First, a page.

No one testified against the measure, which Walker proposed in his State of the State address last month. The Assembly planned to vote on it next week, along with a separate proposal to cut property and income taxes by more than $500 million.
While some opposition has formed to the tax cuts, the workforce development piece is finding smooth sailing so far.
The measure would use the money to eliminate waiting lists for high-demand fields such as manufacturing and computer technology at technical colleges, help high school students get trained for high-demand jobs through dual enrollment programs, and support programs that help people with disabilities find work.
"I'm stoked," said Wisconsin technical college system president Morna Foy, in testimony to the Assembly's Workforce Development Committee. "I am just sitting here with my fingers crossed behind my back that you guys are going to say, 'Yes.'"
Foy assured lawmakers that the additional money could be put to use as early as this summer to help get more people the training they need to fill job openings.
"It's a very exciting opportunity," Foy said. "It's been a long time since we've had these kinds of chunks of dollars made available for this kind of activity."
Reggie Newson, secretary of the state Department of Workforce Development, said the focus will be on reducing waiting lists at technical colleges to add course offerings and classes to help get people trained more quickly.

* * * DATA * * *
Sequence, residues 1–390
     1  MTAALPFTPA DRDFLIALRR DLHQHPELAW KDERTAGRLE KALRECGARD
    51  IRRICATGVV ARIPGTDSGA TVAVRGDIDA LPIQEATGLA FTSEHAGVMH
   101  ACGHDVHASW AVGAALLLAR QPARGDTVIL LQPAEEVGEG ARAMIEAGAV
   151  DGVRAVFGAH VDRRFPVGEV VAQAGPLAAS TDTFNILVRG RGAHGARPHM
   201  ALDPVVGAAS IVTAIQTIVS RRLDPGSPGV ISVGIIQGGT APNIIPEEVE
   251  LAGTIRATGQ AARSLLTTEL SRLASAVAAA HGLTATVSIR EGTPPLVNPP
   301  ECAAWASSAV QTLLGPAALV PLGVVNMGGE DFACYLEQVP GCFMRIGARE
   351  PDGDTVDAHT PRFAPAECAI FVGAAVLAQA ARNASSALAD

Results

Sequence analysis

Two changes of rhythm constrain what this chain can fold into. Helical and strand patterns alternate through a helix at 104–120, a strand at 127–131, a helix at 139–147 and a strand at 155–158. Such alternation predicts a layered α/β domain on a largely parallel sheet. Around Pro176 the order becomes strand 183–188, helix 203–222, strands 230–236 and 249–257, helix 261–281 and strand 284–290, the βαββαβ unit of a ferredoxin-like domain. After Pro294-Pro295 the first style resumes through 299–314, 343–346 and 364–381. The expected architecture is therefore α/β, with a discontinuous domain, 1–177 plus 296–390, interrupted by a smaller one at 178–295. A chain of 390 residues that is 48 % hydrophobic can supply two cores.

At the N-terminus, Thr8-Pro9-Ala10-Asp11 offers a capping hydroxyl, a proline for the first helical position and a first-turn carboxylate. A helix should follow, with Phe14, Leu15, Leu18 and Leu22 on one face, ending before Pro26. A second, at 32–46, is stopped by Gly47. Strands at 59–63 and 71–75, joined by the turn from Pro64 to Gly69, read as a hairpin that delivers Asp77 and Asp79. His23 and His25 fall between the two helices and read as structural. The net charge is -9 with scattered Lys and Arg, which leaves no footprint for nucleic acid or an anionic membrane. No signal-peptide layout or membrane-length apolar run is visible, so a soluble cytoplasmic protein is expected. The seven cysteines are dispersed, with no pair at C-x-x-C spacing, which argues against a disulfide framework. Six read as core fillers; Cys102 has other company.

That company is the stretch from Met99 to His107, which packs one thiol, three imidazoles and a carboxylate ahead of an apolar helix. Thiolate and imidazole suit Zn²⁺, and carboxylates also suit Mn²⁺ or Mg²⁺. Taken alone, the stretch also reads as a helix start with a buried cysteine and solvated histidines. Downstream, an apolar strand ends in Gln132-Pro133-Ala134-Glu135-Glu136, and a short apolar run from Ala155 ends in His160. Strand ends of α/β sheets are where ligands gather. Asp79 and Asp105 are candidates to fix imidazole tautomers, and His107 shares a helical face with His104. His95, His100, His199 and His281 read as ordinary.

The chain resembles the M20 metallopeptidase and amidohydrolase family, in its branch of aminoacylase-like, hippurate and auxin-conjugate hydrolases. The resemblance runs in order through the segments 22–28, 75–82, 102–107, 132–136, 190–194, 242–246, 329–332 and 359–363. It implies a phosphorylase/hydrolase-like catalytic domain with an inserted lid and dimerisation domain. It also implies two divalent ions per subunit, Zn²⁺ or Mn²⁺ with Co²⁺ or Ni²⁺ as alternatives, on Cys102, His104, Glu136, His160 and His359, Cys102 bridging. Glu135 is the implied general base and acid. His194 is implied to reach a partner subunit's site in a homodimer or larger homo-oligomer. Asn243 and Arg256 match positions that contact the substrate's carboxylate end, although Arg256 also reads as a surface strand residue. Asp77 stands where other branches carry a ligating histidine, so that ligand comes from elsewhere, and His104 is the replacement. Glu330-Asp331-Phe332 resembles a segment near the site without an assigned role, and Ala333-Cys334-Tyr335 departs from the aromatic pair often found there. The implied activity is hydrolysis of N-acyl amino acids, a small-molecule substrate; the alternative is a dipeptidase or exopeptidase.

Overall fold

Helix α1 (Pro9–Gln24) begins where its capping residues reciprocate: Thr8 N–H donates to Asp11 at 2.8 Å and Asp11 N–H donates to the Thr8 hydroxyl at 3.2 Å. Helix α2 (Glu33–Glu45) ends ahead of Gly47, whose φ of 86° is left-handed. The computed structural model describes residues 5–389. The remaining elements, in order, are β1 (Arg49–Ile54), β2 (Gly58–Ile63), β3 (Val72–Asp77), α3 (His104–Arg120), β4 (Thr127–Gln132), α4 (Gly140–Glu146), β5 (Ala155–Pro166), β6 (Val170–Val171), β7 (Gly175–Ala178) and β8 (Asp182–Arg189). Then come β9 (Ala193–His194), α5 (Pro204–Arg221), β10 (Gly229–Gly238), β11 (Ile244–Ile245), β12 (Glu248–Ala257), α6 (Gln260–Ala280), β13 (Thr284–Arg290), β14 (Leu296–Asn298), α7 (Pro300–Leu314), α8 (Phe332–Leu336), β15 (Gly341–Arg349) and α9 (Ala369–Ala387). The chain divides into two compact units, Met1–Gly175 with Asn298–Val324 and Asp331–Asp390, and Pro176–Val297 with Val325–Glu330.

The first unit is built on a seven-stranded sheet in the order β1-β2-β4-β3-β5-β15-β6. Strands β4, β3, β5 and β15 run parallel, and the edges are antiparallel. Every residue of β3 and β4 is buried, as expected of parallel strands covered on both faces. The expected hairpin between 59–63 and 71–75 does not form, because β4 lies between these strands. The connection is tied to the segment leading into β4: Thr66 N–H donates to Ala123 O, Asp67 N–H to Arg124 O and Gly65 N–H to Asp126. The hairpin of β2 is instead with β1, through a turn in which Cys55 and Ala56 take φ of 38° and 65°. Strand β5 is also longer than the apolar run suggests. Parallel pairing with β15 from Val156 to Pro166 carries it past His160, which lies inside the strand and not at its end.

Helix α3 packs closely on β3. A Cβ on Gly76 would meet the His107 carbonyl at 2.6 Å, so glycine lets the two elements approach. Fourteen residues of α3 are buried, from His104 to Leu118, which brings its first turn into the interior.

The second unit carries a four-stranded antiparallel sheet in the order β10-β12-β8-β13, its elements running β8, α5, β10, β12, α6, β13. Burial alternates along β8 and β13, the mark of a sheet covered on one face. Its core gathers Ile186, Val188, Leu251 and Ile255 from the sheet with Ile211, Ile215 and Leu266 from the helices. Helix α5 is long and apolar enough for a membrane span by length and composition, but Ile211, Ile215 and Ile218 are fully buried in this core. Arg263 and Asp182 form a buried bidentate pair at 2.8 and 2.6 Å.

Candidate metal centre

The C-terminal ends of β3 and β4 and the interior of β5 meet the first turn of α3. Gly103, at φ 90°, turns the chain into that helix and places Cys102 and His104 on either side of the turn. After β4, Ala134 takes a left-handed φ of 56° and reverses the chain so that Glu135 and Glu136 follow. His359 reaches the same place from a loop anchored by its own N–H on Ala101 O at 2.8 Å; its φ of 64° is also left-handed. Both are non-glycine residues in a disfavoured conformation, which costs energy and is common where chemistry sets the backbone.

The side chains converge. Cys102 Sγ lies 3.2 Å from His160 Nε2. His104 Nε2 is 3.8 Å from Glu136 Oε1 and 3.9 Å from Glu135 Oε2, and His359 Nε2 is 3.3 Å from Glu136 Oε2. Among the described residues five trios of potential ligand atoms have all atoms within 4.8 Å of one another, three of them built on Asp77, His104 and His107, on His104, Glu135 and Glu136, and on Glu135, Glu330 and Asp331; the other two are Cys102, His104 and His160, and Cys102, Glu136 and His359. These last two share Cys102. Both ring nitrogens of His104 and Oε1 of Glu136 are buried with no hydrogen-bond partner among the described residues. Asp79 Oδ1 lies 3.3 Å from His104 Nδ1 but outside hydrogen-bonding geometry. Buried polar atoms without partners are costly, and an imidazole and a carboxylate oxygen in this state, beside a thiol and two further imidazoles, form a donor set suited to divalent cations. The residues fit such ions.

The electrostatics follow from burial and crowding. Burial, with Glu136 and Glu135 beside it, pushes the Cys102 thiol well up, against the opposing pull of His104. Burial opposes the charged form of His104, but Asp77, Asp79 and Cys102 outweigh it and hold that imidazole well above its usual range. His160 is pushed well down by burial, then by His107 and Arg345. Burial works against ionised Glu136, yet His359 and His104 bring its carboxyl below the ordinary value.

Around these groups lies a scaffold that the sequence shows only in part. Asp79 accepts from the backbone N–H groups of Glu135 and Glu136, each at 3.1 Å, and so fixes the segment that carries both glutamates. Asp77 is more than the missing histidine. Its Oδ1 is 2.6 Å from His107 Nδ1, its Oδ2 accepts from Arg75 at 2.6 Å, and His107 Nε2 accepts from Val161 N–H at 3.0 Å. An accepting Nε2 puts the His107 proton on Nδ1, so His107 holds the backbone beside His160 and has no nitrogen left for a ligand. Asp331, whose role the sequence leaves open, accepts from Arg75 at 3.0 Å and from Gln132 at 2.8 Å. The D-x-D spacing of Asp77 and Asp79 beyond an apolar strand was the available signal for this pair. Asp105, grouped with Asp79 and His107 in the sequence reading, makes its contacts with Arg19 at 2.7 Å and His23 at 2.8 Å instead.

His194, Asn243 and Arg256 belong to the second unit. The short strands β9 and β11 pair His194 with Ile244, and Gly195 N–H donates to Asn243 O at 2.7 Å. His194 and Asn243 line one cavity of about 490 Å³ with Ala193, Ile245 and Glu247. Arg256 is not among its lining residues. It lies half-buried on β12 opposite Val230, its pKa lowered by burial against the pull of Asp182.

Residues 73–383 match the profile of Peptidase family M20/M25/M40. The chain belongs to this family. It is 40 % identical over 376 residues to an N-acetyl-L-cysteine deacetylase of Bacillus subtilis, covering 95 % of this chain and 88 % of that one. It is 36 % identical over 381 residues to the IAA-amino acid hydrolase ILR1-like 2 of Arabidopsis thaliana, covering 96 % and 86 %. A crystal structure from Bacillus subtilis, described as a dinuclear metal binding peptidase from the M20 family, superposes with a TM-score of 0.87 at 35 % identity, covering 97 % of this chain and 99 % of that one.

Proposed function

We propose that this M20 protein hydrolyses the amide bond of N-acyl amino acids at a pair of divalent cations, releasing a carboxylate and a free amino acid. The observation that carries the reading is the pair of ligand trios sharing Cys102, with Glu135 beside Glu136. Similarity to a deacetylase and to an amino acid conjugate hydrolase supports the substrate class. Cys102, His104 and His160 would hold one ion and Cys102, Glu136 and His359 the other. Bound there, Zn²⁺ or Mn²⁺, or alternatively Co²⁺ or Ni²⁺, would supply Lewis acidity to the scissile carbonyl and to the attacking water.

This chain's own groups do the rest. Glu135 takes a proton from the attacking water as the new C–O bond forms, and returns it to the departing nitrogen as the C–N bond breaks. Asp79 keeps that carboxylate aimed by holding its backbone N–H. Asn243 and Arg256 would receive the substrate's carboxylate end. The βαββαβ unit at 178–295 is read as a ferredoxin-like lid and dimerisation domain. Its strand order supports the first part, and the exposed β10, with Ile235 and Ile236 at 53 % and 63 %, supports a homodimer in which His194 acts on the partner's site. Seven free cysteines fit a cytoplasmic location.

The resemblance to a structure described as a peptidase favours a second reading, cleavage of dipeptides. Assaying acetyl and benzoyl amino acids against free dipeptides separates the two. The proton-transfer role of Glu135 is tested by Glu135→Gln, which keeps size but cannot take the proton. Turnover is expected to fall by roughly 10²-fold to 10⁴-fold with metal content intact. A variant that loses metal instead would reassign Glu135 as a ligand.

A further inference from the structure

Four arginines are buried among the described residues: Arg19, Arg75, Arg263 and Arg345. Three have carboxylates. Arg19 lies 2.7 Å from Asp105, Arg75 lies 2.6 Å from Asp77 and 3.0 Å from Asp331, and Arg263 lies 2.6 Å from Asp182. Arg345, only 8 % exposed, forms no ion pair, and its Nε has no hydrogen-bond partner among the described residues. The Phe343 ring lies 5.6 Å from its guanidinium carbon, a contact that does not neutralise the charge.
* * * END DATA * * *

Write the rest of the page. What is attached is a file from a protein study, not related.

Newson also touted the dual enrollment program, in which high school students get training and earn technical college credit at the same time.
Representatives from the disability rights community, including relatives of people with disabilities, spoke in support of increasing funding for programs to help people with disabilities find jobs. Part of the money would go to expand an on-the-job training program for workers with disabilities from seven companies to 27 over the next three years.
People with disabilities account for about 9 percent of the state's workforce, based on data provided by Disability Rights Wisconsin. But their employment rate is less than one-third that of workers without disabilities, and workers with disabilities on average earn 30 percent less.
Advocates for the disabled, as well as members of the Assembly committee, stressed to Newson and Foy that they want to be able to track whether more people are finding work as a result of the increased spending.
The $35 million would be transferred to the Department of Workforce Development from a surplus generated by the state's chief jobs agency, the Wisconsin Economic Development Corp.